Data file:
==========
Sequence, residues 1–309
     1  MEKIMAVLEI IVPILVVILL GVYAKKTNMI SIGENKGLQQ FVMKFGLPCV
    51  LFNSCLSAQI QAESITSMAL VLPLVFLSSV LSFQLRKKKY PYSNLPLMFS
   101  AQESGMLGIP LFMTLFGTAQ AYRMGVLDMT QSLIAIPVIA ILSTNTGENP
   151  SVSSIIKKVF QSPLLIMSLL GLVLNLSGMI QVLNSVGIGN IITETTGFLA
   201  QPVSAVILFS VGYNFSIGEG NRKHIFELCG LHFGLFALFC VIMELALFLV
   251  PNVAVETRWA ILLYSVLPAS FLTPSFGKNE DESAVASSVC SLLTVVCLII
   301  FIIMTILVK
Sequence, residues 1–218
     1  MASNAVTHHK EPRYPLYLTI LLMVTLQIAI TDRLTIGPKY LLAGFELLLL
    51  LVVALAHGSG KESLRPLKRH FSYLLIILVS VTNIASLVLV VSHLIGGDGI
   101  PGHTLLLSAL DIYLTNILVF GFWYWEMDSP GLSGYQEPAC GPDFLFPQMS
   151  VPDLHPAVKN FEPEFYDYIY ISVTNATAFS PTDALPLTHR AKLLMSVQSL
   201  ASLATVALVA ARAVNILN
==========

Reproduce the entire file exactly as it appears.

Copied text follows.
Sequence, residues 1–309
     1  MEKIMAVLEI IVPILVVILL GVYAKKTNMI SIGENKGLQQ FVMKFGLPCV
    51  LFNSCLSAQI QAESITSMAL VLPLVFLSSV LSFQLRKKKY PYSNLPLMFS
   101  AQESGMLGIP LFMTLFGTAQ AYRMGVLDMT QSLIAIPVIA ILSTNTGENP
   151  SVSSIIKKVF QSPLLIMSLL GLVLNLSGMI QVLNSVGIGN IITETTGFLA
   201  QPVSAVILFS VGYNFSIGEG NRKHIFELCG LHFGLFALFC VIMELALFLV
   251  PNVAVETRWA ILLYSVLPAS FLTPSFGKNE DESAVASSVC SLLTVVCLII
   301  FIIMTILVK
Sequence, residues 1–218
     1  MASNAVTHHK EPRYPLYLTI LLMVTLQIAI TDRLTIGPKY LLAGFELLLL
    51  LVVALAHGSG KESLRPLKRH FSYLLIILVS VTNIASLVLV VSHLIGGDGI
   101  PGHTLLLSAL DIYLTNILVF GFWYWEMDSP GLSGYQEPAC GPDFLFPQMS
   151  VPDLHPAVKN FEPEFYDYIY ISVTNATAFS PTDALPLTHR AKLLMSVQSL
   201  ASLATVALVA ARAVNILN